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Eban Says Nasser’s Tough Speech in Moscow Belies Sign of ‘thaw’

July 8, 1968
See Original Daily Bulletin From This Date

Foreign Minister Abba Eban said in a national radio address tonight that a bellicose speech by Egypt’s President Nasser at a luncheon attended by top Kremlin leaders in Moscow Friday gave lie to the so-called “peace offensive” by Egypt that had been widely reported by the world press in recent days as a sign of a “thaw” in the Middle East dispute. Mr. Eban contrasted Mr. Nasser’s Moscow words with those of Foreign Minister Mahmoud Riad who said Egypt was prepared to accept the “reality” of Israel’s existence.

Mr. Nasser did not speak of Israel as a state to whose existence the Arabs could become reconciled, but stressed the possibility of renewed warfare and the forcible “liberation” by the Arabs of areas occupied by Israel since the June, 1967 war, Mr. Eban said. “As Nasser is the person in charge of Egypt’s policy, it must be said regretfully that there is no substantive change in Egypt’s policy,” Mr. Eban declared.

According to the official Egyptian version, Mr. Nasser said in Moscow that the Arab nations wanted peace with Israel “but not at any price” and characterized a peace based on the status quo as “simply surrender.” He referred to Israeli “aggression” and “imperialism” and pledged that the Arabs “would liquidate the consequences of Israeli aggression whatever the cost and sacrifice.” He spoke after a three-hour conference with Soviet Premier Alexei N. Kosygin, President Nikolai V. Podgorny and Communist Party chief Leonid I. Brezhnev. It was announced later that Nasser decided to extend his stay in Moscow and postponed for several days his trip to Yugoslavia for talks with President Tito. Mr. Brezhnev reportedly pledged that the USSR would “always side with the Arab nations” in the struggle for the “undelayed withdrawal” of Israeli troops from all occupied territories.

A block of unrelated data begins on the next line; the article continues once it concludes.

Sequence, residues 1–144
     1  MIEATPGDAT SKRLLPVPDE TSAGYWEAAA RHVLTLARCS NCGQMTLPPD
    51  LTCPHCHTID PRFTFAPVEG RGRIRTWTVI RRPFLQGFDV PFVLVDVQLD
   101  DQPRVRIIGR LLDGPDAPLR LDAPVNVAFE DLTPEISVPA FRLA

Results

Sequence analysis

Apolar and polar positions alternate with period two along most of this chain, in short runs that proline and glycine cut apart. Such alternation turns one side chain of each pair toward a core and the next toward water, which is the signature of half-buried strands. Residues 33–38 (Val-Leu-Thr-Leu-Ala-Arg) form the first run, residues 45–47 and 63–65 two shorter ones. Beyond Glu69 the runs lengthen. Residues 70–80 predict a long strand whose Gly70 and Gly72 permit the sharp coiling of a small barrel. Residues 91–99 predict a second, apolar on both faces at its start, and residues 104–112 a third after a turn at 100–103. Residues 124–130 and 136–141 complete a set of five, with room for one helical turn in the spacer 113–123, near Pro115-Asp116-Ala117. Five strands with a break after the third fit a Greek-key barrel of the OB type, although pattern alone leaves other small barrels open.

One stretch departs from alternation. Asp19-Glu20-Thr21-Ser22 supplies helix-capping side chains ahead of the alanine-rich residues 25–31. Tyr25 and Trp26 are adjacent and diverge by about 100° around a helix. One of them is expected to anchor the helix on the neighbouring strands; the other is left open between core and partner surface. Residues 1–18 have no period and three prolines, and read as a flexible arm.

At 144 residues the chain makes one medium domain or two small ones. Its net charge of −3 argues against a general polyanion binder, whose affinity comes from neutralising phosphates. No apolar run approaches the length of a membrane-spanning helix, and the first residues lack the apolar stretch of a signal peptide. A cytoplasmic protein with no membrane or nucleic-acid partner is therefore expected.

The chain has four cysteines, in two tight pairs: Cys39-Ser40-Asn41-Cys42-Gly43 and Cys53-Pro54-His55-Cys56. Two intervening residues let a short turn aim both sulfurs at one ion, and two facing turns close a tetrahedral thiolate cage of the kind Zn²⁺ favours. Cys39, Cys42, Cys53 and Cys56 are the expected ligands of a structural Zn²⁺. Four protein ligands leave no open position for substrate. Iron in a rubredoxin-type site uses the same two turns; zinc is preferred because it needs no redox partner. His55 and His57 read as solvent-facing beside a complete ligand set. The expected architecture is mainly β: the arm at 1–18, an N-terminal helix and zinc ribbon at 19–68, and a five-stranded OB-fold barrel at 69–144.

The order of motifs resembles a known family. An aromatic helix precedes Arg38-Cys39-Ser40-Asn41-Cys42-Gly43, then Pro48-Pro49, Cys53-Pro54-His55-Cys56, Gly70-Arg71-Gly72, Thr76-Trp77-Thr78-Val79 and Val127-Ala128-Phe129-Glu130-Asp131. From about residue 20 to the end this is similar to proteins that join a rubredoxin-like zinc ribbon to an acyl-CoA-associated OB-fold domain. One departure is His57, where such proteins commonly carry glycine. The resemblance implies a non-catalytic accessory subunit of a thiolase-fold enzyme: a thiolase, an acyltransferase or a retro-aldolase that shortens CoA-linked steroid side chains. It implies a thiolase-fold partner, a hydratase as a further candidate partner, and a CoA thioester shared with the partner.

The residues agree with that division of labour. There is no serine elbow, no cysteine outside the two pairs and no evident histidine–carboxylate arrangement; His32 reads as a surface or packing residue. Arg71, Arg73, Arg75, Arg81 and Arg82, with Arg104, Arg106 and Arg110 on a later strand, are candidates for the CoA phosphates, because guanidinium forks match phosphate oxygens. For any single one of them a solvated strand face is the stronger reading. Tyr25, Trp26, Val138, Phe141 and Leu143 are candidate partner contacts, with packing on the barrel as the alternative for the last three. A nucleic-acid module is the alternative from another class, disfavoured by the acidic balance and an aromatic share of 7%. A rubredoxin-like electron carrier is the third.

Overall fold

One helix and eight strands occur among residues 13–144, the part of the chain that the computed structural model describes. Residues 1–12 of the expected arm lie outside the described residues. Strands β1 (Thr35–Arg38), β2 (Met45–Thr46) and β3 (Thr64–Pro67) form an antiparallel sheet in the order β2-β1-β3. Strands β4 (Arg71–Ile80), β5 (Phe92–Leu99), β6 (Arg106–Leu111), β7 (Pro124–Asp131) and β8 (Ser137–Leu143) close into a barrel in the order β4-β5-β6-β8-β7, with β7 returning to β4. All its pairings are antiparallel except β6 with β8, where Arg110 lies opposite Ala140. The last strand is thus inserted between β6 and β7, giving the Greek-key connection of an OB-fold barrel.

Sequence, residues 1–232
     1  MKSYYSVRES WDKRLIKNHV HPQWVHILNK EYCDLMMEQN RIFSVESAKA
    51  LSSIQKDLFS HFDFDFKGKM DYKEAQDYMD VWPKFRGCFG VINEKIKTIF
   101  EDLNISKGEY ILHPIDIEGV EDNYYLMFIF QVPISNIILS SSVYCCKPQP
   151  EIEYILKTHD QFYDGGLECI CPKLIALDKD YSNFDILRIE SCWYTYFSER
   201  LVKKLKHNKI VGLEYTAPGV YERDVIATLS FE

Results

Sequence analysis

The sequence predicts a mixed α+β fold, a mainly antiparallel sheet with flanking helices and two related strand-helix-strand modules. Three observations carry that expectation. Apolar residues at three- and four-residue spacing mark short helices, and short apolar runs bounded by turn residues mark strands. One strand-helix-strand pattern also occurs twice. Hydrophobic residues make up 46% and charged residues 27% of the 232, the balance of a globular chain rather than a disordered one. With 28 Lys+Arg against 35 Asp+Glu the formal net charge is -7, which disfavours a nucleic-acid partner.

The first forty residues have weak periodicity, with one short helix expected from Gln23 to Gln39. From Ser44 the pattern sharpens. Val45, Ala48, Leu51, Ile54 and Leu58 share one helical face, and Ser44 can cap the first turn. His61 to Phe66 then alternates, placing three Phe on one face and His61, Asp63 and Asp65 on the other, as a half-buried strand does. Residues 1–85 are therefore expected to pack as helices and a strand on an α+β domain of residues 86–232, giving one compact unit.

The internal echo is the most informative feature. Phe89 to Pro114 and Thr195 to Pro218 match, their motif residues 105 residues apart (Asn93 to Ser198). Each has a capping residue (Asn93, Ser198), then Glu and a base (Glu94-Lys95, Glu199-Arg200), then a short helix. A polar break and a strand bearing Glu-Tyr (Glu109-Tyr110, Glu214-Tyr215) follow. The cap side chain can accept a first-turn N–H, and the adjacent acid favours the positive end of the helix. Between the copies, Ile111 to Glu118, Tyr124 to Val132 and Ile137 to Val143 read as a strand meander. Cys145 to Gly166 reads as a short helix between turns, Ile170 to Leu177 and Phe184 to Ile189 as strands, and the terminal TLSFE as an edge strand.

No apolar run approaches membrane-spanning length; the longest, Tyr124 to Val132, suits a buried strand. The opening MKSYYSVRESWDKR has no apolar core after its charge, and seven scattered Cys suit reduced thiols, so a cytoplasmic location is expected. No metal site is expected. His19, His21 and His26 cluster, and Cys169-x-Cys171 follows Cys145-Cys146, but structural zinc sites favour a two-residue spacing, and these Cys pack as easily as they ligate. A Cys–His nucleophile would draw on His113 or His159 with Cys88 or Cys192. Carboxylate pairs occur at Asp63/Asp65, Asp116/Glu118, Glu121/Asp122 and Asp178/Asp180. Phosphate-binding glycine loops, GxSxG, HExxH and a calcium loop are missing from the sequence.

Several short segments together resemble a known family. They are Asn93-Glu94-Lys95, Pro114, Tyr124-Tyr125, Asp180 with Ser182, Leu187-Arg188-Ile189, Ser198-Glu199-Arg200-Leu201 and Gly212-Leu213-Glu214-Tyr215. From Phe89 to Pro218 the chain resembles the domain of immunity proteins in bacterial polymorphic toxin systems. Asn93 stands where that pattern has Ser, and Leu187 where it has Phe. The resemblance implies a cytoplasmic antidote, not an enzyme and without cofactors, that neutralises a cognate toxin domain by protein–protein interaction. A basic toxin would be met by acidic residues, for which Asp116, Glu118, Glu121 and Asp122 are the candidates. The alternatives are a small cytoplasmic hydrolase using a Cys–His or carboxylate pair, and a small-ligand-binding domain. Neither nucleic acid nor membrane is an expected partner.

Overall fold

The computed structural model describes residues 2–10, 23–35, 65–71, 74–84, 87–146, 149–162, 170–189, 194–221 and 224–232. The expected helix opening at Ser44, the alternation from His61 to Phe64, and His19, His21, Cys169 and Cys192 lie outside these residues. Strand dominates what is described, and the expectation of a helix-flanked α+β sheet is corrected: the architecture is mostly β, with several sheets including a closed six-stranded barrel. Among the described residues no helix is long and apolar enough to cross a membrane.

Mr. Eban said today that the importance of Egyptian Foreign Minister Riad’s statements was “grossly exaggerated.’ He also said that there has been no shift in the attitude of the Big Powers on Israel’s insistence on negotiations as essential to a peace settlement. Mr. Eban doubted that the Egyptian “peace offensive” might lead to combined East-West pressure on Israel. No state that has in the past year advocated the formula of agreed and secured boundaries as a basis for peace has changed its position, he said.

Referring to the possible re-opening of the Suez Canal, Mr. Eban said Israel would be happy to see the canal functioning again for the ships of all nations, including Israel’s, but such an event could in no way be linked to an Israeli withdrawal from the canal’s east bank.

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